Page:Federalist, Dawson edition, 1863.djvu/454

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310
The Fœderalist.

public prosperity. The loss which America has sustained since the Peace, from the pestilent effects of paper money on the necessary confidence between man and man, on the necessary confidence in the public councils, on the industry and morals of the People, and on the character of republican Government, constitutes an enormous debt against the States chargeable with this unadvised measure, which must long remain unsatisfied; or rather an accumulation of guilt, which can be expiated no otherwise than by a voluntary sacrifice on the altar of justice, of the power which has been the instrument of it. In addition to these persuasive considerations, it may be observed, that the same reasons which show the necessity of denying to the States the power of regulating coin, prove with equal force, that they ought not to be at liberty to substitute a paper medium, in the place of coin. Had every State a right to regulate the value of its coin, there might be as many different currencies as States, and thus the intercourse among them would be impeded; retrospective alterations in its value might be made, and thus the citizens of other States be injured, and animosities be kindled among the States themselves. The subjects of foreign powers might suffer from the same cause, and hence the Union be discredited and embroiled by the indiscretion of a single member. No one of these mischiefs is less incident to a power in the States to emit paper money, than to coin gold or silver. The power to make anything but gold and silver a tender in payment of debts, is withdrawn from the States, on the same principle with that of issuing a paper currency.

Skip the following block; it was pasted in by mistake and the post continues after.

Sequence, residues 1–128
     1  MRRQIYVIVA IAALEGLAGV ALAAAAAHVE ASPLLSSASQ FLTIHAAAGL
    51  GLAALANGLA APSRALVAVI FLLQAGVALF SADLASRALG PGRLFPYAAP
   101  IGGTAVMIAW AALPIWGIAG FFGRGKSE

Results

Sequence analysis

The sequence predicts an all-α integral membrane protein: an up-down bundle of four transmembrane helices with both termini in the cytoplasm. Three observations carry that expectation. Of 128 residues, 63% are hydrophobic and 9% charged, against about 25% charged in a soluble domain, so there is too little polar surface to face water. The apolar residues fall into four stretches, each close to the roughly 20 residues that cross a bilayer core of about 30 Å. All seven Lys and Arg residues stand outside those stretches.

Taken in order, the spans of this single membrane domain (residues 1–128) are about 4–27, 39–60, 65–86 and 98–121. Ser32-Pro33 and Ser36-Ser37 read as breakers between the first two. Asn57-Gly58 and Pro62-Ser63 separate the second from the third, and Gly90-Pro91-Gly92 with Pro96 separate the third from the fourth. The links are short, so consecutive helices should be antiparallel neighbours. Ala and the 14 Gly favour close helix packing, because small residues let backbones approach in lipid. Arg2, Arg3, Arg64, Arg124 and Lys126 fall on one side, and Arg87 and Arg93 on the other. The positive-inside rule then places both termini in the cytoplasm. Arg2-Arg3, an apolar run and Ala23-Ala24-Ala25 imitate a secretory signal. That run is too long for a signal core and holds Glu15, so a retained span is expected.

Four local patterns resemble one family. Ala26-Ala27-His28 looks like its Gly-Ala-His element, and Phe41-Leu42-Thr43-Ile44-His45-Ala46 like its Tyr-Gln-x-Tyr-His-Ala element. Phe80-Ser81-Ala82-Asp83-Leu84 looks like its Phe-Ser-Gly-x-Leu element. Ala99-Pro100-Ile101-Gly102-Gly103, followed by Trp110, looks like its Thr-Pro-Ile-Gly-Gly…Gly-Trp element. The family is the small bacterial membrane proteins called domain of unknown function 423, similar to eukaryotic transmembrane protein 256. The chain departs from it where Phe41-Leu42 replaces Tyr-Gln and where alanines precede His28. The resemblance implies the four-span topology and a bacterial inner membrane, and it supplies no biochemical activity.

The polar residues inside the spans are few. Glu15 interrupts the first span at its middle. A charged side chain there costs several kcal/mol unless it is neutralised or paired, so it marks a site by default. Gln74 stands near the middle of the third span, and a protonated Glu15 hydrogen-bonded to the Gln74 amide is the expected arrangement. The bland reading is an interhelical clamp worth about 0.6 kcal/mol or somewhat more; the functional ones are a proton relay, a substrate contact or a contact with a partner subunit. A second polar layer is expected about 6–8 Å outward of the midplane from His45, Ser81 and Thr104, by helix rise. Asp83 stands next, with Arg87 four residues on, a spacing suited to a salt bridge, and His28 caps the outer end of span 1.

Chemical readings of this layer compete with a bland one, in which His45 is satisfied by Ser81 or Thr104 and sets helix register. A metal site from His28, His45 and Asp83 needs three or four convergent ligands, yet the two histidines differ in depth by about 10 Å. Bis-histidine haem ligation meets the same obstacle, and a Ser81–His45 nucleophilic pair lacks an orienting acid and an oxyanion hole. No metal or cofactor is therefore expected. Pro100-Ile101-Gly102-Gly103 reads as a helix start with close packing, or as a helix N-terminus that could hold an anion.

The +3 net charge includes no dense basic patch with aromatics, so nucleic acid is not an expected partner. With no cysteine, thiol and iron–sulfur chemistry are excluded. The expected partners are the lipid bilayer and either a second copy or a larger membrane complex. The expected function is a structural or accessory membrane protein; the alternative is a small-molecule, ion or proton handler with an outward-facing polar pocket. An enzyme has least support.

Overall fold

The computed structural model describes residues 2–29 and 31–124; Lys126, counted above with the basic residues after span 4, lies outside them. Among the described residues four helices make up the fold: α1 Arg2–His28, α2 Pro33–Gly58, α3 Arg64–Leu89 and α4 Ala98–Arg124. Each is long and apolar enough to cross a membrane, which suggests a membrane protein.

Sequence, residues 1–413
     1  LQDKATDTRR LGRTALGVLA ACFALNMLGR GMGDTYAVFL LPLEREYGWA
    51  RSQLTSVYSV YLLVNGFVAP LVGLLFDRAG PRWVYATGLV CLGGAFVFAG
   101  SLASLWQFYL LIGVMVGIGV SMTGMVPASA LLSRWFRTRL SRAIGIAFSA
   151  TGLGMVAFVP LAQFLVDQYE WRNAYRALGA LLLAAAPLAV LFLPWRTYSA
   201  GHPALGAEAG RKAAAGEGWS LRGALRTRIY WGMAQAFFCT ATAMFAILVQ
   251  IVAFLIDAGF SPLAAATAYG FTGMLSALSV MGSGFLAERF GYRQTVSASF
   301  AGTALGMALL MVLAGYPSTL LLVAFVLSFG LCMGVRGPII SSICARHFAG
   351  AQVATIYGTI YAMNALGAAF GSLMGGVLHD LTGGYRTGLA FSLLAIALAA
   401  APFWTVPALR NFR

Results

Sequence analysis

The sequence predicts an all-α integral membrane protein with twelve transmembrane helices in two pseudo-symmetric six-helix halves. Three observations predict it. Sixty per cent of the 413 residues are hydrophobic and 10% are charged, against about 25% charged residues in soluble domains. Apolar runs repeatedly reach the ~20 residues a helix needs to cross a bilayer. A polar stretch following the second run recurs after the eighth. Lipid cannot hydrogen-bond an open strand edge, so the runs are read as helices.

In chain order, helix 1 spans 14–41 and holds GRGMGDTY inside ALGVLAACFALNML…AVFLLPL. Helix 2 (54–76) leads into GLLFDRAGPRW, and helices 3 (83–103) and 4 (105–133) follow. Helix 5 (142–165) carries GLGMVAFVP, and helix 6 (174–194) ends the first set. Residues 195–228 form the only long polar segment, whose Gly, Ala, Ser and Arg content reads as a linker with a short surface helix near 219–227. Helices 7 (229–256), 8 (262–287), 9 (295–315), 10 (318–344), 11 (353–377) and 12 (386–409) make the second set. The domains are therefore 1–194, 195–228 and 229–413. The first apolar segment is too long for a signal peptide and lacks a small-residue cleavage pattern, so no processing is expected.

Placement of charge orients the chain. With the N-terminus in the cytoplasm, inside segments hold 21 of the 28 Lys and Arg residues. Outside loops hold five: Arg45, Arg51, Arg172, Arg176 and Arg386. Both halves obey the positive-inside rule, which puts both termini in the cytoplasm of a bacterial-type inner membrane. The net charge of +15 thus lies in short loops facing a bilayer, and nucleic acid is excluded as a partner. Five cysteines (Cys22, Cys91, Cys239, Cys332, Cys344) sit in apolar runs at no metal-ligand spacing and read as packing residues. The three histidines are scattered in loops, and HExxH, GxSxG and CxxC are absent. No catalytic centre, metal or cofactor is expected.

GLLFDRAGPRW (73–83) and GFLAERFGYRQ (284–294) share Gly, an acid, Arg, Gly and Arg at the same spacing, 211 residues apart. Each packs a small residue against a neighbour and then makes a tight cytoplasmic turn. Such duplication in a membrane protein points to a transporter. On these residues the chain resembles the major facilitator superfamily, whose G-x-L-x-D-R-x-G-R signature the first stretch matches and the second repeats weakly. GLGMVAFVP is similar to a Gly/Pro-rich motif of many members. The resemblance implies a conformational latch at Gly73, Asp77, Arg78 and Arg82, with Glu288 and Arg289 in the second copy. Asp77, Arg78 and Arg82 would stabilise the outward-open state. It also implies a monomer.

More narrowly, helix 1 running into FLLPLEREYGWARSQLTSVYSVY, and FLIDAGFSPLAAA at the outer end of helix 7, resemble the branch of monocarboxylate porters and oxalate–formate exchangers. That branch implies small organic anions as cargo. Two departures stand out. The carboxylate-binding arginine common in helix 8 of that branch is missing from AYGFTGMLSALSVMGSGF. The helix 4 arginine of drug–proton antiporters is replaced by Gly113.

Bills of attainder, ex post facto laws, and laws impairing the obligation of contracts, are contrary to the first principles of the social compact, and to every principle of sound legislation. The two former are expressly prohibited by the declarations prefixed to some of the